CASE STUDY: Saul Bass 07/11/11 G321: Individual Media Studies Portfolio
SAUL BASS “ making a main-title was like making a poster - you ’ re condensing the event into one concept, this one metaphor…a backstory that needs to be told or a character that needs to be introduced. ” 1920 - 1996
SAUL BASS 1920 - Born in the Bronx district of New York . Bass studied at the Art Students League in New York and Brooklyn College under Gyorgy Kepes, a Hungarian graphic designer. After apprenticeships with Manhattan design firms, Bass worked as a freelance graphic designer or "commercial artist" as they were called. 1946 - He moved to Los Angeles to get away from creative constraints imposed on him in New York. 1950 - After freelancing, he opened his own studio working mostly in advertising.
1954 - Otto Preminger invited him to design the poster for his movie, Carmen Jones . Impressed by the result, Preminger asked Bass to create the film ’ s title sequence too.
Golden Arm Bass first made his mark on film when he designed a simple paper cut-out of a heroin addict ’ s arm for the opening titles of The Man with The Golden Arm. 1955 Bass chose the arm as a powerful image of addiction rather than Frank Sinatra ’ s famous face - as the symbol of both the movie ’ s titles and its promotional poster.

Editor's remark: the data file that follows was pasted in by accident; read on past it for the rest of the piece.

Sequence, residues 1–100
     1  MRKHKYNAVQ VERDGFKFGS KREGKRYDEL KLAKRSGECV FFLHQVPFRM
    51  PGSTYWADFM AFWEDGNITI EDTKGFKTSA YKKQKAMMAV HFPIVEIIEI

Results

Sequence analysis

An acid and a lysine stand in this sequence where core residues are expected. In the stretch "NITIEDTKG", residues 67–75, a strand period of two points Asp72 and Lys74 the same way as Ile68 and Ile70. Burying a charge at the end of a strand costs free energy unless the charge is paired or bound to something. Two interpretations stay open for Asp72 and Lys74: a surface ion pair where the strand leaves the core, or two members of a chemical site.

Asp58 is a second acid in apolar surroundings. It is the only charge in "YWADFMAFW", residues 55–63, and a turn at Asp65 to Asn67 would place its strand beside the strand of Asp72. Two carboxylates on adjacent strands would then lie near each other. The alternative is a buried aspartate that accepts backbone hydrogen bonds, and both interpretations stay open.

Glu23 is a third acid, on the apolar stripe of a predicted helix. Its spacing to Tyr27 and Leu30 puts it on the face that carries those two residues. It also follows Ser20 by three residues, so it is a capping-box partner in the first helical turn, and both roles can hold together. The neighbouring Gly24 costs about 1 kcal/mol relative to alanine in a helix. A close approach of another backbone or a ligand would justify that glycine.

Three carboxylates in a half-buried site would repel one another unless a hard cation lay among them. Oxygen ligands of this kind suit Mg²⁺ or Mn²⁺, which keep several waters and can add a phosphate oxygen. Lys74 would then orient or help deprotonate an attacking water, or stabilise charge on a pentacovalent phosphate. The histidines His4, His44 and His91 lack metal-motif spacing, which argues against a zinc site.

<ul><li>He is best known for his use of simple, geometric shapes and their symbolism. Often, a single dominant image stands alone to deliver a powerful message. </li></ul>http://www.youtube.com/watch?v=eGnpJ_KdqZE http://www.youtube.com/watch?v=xnG3OjIcN8M&feature=related
<ul><li>Bass ’ s posters and titles had an uncanny ability to capture the mood of a film with simple shapes and images. This was his preferred method as opposed to using a boring photograph of a film star. </li></ul>
<ul><li>Bass was heavily influenced by Bauhaus and Russian Constructivism </li></ul>The constructivists tried to create works that would make the viewer an active viewer of the artwork.
<ul><li>Between 1970 and 1986 Bass designed for only a handful of films: Such Good Friends , Rosebud , That's Entertainment Part II , and The Human Factor . </li></ul><ul><li>In an interview with Sight and Sound in 1995 he explained, </li></ul><ul><li>'Eventually titles got out of hand. It got to a point where it seemed that somebody got up there before the film and did a tap dance. Fancy titles became fashionable rather than useful and that's when I got out'. </li></ul>
Bass was persuaded to return to the film title design in the 1980 ’ s, when he began a rich collaboration with Martin Scorsese on films including Cape Fear, Casino and the Age of Innocence. http://www.youtube.com/watch?v=xoO0ZsQ7tBg